News is spreading worldwide that Turkey’s president Recep Tayyip Erdoğan is nearly certain to spend another five years strengthening his grip on power. Following the first-round vote on Sunday, Erdoğan secured 49.5 percent of the support, while his challenger Kemal Kılıçdaroğlu received 44.9 percent. Subsequently, runoff elections have been scheduled for 28 May.
The grim situation reminds us of Turkey’s weak democratic norms and the extent of nationalist, racist, hard-right sentiments. The glimmer of hope comes from the long-harassed Peoples’ Democratic Party (HDP), whose unyielding fight for progressive, democratic values has again shown its resilience.
The HDP and the associated Green Left Party joined the electoral process under extremely hostile conditions, with an autocratic regime controlling all state institutions and the press. These difficulties were well illustrated by a joint statement by election observers from the Organization for Security and Co-operation in Europe (OSCE) and the Council of Europe. It said that although the elections were “well-organised” and for the most part peaceful, voters were limited in their political choices by the criminalisation and imprisonment of HDP members. The statement also pointed to the barriers imposed by Erdoğan, which massively restricted the opposition.
The Justice and Development Party (AKP), under Erdoğan’s leadership, strategically marginalised the HDP from the electoral race by employing calculated tactics. To avoid closure through a politically motivated court case, the HDP opted to participate in the election through the Green Left. This move aimed to overcome the imminent risk of being banned — a fate that has already befallen eight of its predecessors.
The HDP’s party organisation was already weakened by systematic repression, which has continued uninterrupted since 2016, with more than fifteen thousand party leaders and members arrested. Right now this party has more than four thousand members languishing in jail. As for the Green Left Party, it was admitted to the electoral process very late, only once the election date had already been announced. All this is part of Erdoğan’s sophisticated efforts to deny us fair participation in the political process.
As a political structure denied virtually all resources, the Green Left Party thus entered the elections on unequal terms. Even so, the results show that the HDP, through the Green Left, has once again maintained its position as the third-strongest force, both in parliament and in society.
Millions of citizens in Turkey have put their trust in us to continue the struggle against autocracy and oppression and to demand a democratic and peaceful solution to Turkey’s problems. That is the work that must now be taken forward.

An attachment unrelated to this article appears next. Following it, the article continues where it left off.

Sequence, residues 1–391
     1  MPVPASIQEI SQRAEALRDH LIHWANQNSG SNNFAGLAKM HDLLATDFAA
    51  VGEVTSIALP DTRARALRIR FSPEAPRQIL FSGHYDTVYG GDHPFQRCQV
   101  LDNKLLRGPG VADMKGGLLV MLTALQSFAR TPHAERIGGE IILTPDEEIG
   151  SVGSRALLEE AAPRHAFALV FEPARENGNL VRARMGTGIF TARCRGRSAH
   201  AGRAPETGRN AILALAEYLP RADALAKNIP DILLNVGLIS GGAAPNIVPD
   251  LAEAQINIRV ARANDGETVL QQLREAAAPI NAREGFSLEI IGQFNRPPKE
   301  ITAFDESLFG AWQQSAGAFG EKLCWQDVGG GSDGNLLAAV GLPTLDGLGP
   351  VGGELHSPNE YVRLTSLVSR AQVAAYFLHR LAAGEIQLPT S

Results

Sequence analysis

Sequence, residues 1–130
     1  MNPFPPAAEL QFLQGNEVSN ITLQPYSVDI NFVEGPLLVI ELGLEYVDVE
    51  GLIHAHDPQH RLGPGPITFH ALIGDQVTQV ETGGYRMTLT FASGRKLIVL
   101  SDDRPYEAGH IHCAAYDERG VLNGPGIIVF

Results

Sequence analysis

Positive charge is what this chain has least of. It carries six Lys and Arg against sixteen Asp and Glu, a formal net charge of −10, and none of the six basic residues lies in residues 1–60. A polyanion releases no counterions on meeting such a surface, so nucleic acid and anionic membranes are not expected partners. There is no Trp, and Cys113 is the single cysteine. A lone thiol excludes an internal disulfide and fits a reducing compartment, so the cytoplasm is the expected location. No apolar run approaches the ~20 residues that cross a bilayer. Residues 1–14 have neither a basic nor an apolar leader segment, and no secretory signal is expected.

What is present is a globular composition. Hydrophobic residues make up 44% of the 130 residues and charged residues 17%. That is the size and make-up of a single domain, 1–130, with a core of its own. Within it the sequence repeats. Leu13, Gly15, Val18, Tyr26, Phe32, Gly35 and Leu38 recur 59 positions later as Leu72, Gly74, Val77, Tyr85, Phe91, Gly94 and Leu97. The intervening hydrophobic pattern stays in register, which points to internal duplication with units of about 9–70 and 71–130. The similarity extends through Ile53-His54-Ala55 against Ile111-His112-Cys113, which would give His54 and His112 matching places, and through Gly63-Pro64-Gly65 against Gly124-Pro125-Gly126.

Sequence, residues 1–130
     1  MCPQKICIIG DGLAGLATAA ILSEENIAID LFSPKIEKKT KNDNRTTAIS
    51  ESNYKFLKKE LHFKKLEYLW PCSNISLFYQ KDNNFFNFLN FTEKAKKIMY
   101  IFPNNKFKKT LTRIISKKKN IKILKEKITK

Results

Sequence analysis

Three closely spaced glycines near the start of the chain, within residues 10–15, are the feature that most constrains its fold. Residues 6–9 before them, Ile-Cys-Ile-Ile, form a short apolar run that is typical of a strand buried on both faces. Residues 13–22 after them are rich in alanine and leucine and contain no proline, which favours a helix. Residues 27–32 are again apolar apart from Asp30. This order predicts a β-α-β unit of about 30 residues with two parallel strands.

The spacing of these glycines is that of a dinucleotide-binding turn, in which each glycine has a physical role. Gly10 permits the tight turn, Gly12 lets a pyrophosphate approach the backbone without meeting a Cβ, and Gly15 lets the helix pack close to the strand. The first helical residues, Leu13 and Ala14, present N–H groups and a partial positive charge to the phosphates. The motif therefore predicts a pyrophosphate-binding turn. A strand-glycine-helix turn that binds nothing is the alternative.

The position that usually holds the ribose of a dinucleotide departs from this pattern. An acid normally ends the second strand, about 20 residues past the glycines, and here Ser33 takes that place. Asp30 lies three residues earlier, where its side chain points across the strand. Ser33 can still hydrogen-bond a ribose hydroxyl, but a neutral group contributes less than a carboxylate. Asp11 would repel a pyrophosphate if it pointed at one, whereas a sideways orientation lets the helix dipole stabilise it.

If political conditions in Turkey were free and fair, the HDP would have participated with the support of more than four thousand imprisoned officials, former co- chairs, deputies, co-mayors, and members. They would not have been excluded from the media in Turkey and would have been able to disseminate their ideas to society under equal conditions. This could have produced a quite different outcome, and indeed a nightmare scenario for Erdoğan.
The presidential elections themselves took place under remarkable conditions. Opposition candidate Kemal Kılıçdaroğlu of the Republican People’s Party (CHP) faced media and state platform exclusion but received support from the HDP and its bloc. This help enabled Kılıçdaroğlu to push the election into a runoff against Erdoğan. Consequently, the president’s aura of invincibility has been significantly diminished, with these being his worst-ever election results.
Now, we can hope that despite the manipulation of voters through nationalist and religious rhetoric, the Turkish people will not reelect a leader who has caused immense harm to their country. Choosing him again would only result in further self-punishment and a less democratic future.
Turkey has a history of diverse rule, but consistent democracy remains untried. It’s time for Turkey to overcome its fears and dare to be democratic. The most important sources of inspiration in this regard are the HDP and Green Left Party, and the broader political approach of the Kurdish freedom movement. Despite the struggle for power between Erdoğan’s Islamist-nationalist bloc and the secular-nationalist one opposed to him, we remain the most important force struggling for democracy and a true alternative in Turkey. This means an alternative in which women, different peoples and religious groups, and all citizens can live together in peace. Speaking of these values, according to the preliminary results, there are thirty-one women among the sixty-three Green Left deputies elected to parliament.
Had the authoritarian, nationalist, and patriarchal Erdoğan not spent the past decade systematically liquidating the progressive opposition, the situation would be very different today. But the final outcome will be decided in the 28 May second round. Nothing is finished yet.
Devriş Çimen is European representative of the Peoples’ Democratic Party (HDP).